Cerebral infarction and cerebral hemorrhage in children are being diagnosed more frequently and promptly in recent years. Their incidence has been reported to be between 1.2 and 13 cases per 100,000 children per year. Hemorrhagic stroke is more frequent in children than it is in adults. Cerebral sinovenous thrombosis is not included in some of these statistics. Not included also are germinal matrix hemorrhage and periventricular white matter necrosis, which are special types of hemorrhagic stroke in premature neonates.


The pathophysiology and evolution of AIS in children is no different from adults. Most cases present with hemiparesis, seizures, and lethargy. Childhood AIS is fatal in 3% of cases and causes significant permanent neurological disability in the majority of cases. It has different causes than adult AIS, and its diagnosis and classification are based on clinical and radiological criteria. About half of AIS cases have a known predisposing condition. Many patients have previous head and neck trauma or a mild infection. The most common risk factors of childhood AIS are listed below and some entities are briefly discussed further on.

  • Cardiac disorders: Congenital heart disease, endocarditis, cardiomyopathy, cadiac catheterization, heart surgery

  • Angiopathies:
  • Autoimmune vasulitis
    Infectious and post-infectious angiopathy (meningitis, fungal vasculitis, post-varicella arteritis)
    Angiopathies associated with metabolic disorders (Fabry disease, homocystinuria, hyperhomocysteinemia)

  • Traumatic and non-traumatic dissection

  • Ehlers-Danlos syndrome, fibromuscular dysplasia

  • Genetic and acquired hypercoagulability disorders: Factor V Leiden, Prothrombin mutation, oral contraceptives

  • Hematologic disorders: Sickle cell disease, thrombotic thrombocytopenic purpura

  • Mitochondrial disorders (MELAS)

Transient (focal) cerebral arteriopathy (TCA-FCA). This common monophasic childhood cerebral arteriopathy affects the distal internal carotid and proximal middle and anterior cerebral arteries causing segmental narrowing and irregularity of the vascular lumen, leading, most commonly, to basal ganglia infarcts. The pathological basis of TCA is not known. Some cases are preceded by varicella zoster virus (VZV) infections, suggesting that TCA is post-varicella arteritis. VZV causes an arteritis involving proximal branches of cerebral arteries during the acute phase of the infection or following reactivation. This arteritis may lead to narrowing or occlusion of the affected vessels. TCA appearing within 12 months after varicella is called post-varicella arteriopathy. It has been suggested that infections by other agents (Borrelia burgdorferi, mycoplasma, parvovirus, CMV) is responsible for TCA without a history of VZV.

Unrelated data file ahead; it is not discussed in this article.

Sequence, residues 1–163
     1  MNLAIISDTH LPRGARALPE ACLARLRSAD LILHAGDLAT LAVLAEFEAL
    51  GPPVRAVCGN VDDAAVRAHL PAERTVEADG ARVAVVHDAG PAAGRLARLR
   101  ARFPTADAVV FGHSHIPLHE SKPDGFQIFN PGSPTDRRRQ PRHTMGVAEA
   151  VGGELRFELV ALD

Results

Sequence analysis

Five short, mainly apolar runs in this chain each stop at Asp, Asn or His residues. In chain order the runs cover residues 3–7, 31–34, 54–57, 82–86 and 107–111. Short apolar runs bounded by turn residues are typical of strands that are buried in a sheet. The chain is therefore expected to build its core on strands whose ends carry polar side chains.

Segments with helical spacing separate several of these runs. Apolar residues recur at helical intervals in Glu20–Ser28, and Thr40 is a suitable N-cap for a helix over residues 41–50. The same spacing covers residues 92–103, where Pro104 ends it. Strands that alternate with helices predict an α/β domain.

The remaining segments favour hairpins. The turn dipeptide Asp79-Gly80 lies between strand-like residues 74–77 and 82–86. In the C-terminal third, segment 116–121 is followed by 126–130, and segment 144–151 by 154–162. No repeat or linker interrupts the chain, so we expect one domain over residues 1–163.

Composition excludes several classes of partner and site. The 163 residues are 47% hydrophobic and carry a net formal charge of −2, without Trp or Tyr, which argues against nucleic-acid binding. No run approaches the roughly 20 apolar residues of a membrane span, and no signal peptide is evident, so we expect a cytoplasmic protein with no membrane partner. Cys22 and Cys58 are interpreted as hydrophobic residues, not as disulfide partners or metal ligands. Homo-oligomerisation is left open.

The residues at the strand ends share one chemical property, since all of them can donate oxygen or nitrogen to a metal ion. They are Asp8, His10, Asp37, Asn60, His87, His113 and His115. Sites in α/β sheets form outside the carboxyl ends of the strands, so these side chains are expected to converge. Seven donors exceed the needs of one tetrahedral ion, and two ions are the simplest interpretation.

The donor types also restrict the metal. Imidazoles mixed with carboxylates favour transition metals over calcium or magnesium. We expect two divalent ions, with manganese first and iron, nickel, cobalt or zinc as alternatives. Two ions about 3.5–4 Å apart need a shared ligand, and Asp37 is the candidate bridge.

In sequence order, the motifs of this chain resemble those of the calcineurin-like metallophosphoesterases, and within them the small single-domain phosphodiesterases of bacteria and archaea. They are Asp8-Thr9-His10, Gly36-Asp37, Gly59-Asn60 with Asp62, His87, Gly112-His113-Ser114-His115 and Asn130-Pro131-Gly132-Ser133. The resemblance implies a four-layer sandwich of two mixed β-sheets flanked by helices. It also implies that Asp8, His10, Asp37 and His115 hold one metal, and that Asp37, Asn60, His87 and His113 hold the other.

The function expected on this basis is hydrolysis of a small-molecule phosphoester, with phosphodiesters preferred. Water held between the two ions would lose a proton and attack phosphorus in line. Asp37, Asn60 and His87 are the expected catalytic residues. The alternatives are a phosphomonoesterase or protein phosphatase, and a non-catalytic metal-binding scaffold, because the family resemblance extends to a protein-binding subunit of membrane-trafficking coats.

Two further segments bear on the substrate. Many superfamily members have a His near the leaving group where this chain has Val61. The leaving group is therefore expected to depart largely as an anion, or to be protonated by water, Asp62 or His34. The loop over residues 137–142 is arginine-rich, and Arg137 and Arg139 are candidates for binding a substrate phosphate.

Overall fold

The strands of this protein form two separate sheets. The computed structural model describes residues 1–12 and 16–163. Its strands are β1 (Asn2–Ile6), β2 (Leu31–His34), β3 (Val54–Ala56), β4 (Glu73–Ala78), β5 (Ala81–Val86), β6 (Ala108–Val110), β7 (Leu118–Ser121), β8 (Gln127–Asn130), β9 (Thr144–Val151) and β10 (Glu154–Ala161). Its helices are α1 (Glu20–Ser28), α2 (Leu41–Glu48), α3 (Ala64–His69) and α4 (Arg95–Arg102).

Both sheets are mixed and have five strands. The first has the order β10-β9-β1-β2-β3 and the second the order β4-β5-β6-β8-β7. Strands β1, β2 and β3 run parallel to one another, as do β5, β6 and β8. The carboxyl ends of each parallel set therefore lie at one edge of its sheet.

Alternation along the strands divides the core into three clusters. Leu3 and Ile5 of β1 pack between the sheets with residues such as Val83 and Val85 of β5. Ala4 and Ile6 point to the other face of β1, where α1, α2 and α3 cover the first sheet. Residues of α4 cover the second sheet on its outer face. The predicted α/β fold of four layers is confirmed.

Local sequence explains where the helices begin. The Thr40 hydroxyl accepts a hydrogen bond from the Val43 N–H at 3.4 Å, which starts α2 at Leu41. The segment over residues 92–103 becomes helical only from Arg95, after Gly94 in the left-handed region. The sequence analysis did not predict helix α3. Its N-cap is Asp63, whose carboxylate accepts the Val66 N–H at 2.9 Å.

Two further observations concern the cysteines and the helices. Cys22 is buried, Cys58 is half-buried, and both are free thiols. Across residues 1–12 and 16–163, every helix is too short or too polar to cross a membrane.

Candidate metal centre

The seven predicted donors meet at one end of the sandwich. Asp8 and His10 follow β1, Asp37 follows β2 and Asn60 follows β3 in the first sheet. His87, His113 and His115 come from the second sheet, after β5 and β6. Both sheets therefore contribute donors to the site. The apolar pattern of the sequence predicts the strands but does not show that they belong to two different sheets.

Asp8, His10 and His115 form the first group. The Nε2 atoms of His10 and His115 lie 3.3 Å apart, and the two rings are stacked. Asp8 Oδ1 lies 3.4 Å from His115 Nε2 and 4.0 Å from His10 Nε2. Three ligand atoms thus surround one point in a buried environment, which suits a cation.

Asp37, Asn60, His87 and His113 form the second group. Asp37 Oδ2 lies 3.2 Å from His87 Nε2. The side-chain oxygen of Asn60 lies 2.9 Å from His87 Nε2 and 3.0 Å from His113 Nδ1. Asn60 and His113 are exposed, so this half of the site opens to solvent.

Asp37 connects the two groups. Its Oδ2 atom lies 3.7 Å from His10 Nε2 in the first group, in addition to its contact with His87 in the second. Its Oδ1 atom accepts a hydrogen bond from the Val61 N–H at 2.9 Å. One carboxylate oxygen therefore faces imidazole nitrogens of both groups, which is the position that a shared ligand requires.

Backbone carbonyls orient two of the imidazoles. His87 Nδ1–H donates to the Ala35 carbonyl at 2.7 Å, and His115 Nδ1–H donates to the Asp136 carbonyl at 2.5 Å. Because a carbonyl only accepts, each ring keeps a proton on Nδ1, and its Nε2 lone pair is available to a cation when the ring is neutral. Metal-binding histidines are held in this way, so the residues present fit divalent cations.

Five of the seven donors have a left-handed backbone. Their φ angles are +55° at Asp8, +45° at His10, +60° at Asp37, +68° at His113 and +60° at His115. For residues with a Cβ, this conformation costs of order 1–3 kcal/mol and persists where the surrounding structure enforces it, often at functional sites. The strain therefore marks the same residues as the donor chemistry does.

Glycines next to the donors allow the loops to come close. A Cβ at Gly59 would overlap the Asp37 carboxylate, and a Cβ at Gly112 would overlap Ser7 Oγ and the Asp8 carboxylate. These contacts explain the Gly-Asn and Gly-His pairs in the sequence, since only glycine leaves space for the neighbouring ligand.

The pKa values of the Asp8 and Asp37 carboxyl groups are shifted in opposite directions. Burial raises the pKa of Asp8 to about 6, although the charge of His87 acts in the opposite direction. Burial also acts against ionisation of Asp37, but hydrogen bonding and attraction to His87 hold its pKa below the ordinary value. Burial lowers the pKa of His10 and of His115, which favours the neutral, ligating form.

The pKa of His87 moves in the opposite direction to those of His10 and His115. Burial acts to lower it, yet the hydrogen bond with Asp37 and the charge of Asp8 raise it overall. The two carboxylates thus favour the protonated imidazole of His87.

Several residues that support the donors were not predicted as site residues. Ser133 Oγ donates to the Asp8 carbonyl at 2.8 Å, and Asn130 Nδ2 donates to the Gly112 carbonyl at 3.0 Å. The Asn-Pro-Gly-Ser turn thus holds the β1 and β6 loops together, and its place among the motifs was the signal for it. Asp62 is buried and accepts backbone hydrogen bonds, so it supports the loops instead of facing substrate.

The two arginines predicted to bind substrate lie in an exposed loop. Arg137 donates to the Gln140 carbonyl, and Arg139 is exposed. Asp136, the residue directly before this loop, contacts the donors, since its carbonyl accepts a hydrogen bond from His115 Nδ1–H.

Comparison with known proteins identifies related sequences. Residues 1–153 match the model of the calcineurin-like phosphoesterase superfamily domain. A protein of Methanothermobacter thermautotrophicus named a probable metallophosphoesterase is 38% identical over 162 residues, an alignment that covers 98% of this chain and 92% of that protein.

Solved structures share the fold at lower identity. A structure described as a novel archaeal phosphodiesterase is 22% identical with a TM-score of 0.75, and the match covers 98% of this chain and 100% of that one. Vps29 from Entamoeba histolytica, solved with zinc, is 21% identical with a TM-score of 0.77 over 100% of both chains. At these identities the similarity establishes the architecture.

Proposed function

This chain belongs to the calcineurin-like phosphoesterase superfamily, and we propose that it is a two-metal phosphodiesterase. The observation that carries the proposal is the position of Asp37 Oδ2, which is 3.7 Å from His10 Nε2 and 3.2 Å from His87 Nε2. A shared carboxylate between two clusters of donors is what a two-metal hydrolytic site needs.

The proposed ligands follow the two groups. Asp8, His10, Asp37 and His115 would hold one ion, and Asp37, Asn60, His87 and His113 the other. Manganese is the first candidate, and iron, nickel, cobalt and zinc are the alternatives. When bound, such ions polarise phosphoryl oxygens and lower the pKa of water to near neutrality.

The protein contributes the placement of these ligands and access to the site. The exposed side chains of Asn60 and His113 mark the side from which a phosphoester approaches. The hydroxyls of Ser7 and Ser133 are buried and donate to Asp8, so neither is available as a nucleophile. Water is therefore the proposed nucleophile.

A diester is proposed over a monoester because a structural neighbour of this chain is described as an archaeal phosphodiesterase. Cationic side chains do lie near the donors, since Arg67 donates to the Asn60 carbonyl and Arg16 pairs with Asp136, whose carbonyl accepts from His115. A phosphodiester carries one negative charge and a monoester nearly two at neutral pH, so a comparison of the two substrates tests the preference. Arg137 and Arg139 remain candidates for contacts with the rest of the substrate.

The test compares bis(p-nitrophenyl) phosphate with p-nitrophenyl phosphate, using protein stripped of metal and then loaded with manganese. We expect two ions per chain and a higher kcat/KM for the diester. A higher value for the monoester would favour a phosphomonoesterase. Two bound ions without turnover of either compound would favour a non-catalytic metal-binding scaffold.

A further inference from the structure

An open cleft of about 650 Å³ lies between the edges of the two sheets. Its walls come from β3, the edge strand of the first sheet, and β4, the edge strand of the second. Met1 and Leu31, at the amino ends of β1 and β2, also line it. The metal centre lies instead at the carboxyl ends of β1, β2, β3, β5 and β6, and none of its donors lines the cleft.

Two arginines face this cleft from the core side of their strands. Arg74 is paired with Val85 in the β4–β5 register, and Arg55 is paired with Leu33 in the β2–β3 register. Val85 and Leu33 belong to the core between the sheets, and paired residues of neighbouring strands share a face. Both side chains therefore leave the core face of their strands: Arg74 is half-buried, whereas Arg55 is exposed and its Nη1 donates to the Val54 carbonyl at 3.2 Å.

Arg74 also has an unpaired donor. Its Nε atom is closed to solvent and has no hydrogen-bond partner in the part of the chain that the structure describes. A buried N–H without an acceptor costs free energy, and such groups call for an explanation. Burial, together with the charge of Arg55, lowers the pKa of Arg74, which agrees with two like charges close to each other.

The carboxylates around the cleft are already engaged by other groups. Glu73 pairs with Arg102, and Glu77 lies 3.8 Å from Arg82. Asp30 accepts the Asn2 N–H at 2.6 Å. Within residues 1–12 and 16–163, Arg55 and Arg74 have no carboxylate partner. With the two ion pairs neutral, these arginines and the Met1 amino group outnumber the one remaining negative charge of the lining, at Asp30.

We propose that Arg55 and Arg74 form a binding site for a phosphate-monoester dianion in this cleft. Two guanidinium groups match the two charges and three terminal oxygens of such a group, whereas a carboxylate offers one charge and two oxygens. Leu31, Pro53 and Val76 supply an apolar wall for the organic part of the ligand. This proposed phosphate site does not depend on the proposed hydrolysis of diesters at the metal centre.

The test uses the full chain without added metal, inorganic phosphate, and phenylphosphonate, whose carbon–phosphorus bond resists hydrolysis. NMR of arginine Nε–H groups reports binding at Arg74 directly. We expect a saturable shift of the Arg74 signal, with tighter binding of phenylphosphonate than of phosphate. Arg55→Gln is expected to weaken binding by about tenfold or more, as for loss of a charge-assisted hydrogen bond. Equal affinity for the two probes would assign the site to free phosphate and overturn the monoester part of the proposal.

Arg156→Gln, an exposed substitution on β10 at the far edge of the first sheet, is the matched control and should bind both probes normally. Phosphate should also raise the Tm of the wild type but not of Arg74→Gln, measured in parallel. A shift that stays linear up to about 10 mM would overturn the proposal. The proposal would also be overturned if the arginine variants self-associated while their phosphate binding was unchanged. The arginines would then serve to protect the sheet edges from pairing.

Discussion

Dissecting aneurysm

Arterial dissection (dissecting aneurysm) is a common cause of AIS in children. It occurs spontaneously or after mechanical injury to the head and neck or intra-oral trauma. The injury may be significant or minor and in some case no history of trauma is elicited. Genetic connective tissue disorders such as Ehlers-Danlos and Marfan syndrome may play a role in the pathogenesis of some cases. The classic angiographic findings are a double lumen, intimal flap, or pseudo-aneurysm. The dissection is a hematoma that develops in the vessel wall, most commonly between the internal elastica and the media. The hematoma lifts the intima and elastica and collapses the vascular lumen. Less frequently, the hematoma develops between the adventitia and the media, in which case, in addition to occluding the vessel, it may rupture externally causing headache.

Moyamoya (a puff of smoke) describes the angiographic appearance of a rich collateral network that develops in some cases of slowly evolving stenosis or occlusion of large cerebral arteries. Such changes (Moyamoya syndrome) are seen in conditions with a defined etiology such as NF1, sickle cell disease, radiation, and trisomy 21, and occur also in Asian patients without a specific underlying cause (Moyamoya disease).

Vasculitis. MRI


Vasculitis: Systemic vasculitides (polyarteritis nodosa, Wegener’s granulomatosis, Churg-Strauss arteritis, temporal arteritis, and others) affect the CNS infrequently. The same is true of vasculitis developing in the background of lupus erythematosus and other systemic inflammatory and rheumatological diseases. Vasculitis may also be a component of bacterial, fungal, and viral infections of the CNS. Primary angiitis of the CNS (PACNS) involves the brain only and is defined as a condition causing neurological and psychiatric deficits with evidence of angiitis by imaging or biopsy, in absence of systemic vasculitis, collagen-vascular disease, or infection.